Broiler Litter Application Method and Runoff Timing Eff ects on Nutrient and Escherichia coli Losses from Tall Fescue Pasture
Journal of Environmental Quality , 38 , 2009

Sistani, K.R., Torbert, H.A., Way, T.R., Bolster, C.H., Pote, D.H., Warren, J.G.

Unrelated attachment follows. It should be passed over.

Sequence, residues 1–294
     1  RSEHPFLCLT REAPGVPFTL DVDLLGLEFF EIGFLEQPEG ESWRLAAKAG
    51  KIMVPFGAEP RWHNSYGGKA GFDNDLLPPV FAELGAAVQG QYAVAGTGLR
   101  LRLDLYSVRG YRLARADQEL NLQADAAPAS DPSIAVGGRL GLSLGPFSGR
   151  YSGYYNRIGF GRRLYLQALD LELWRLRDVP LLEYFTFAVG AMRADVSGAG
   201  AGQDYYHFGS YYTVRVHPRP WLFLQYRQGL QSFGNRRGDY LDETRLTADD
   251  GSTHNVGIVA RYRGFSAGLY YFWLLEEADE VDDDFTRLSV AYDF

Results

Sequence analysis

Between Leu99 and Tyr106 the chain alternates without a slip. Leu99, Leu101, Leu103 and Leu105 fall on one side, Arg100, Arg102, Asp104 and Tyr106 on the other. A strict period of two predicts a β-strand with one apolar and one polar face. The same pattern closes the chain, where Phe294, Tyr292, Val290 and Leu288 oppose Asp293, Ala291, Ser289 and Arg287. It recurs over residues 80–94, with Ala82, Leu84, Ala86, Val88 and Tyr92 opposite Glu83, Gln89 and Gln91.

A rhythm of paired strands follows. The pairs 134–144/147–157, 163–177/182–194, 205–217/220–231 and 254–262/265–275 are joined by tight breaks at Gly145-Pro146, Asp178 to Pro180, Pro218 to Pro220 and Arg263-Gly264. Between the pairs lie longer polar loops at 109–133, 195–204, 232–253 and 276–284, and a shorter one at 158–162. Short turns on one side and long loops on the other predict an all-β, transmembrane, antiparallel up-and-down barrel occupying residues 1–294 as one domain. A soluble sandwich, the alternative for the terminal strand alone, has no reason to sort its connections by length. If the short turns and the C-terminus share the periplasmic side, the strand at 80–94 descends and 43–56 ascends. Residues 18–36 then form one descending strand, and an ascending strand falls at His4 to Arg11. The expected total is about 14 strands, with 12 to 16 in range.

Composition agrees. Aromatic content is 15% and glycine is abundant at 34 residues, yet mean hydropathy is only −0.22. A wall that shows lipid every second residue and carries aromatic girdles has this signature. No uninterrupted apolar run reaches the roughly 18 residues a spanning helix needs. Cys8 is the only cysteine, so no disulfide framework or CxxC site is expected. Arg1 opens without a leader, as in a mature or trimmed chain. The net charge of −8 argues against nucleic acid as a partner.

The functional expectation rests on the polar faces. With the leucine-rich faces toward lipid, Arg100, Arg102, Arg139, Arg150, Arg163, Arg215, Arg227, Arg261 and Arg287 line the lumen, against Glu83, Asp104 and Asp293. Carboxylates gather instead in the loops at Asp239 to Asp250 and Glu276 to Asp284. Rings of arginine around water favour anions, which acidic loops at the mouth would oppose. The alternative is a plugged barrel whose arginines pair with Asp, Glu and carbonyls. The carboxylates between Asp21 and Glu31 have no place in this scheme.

The inability to incorporate manure into permanent pasture leads to the concentration of nutrients near the soil surface with the potential to be transported off site by runoff water. In this study, we used rainfall simulations to examine the effect of broiler chicken (Gallus gallus domesticus) litter application method and the runoff timing on nutrient and E. coli losses from tall fescue (Festuca arundinacea Schreb.) pasture on a Hartsells sandy loam soil (fine-loamy, siliceous, subactive, thermic Typic Hapludults)) in Crossville, AL. Treatments included two methods of litter application (surface broadcast and subsurface banding), commercial fertilizer, and control. Litter was applied at a rate of 8.97 Mg ha(-1). Treatments were assigned to 48 plots with four blocks (12 plots each) arranged in a randomized complete block design to include three replications in each block. Simulated rainfall was applied to treatments as follows: Day 1, block 1 (runoff 1); Day 8, block 2 (runoff 2); Day 15, block 3 (runoff 3); and Day 22, block 4 (runoff 4). Total phosphorus (TP), inorganic N, and Escherichia coli concentrations in runoff from broadcast litter application were all significantly greater than from subsurface litter banding. The TP losses from broadcast litter applications averaged 6.8 times greater than those from subsurface litter applications. About 81% of the runoff TP was in the form of dissolved reactive phosphorus (DRP) for both litter-application methods. The average losses of NO(3)-N and total suspended solids (TSS) from subsurface banding plots were 160 g ha(-1) and 22 kg ha(-1) compared to 445 g ha(-1) and 69 kg ha(-1) for the broadcast method, respectively. Increasing the time between litter application and the first runoff event helped decrease nutrient and E. coli losses from surface broadcast litter, but those losses generally remained significantly greater than controls and subsurface banded, regardless of runoff timing. This study shows that subsurface litter banding into perennial grassland can substantially reduce nutrient and pathogen losses in runoff compared to the traditional surface-broadcast practice.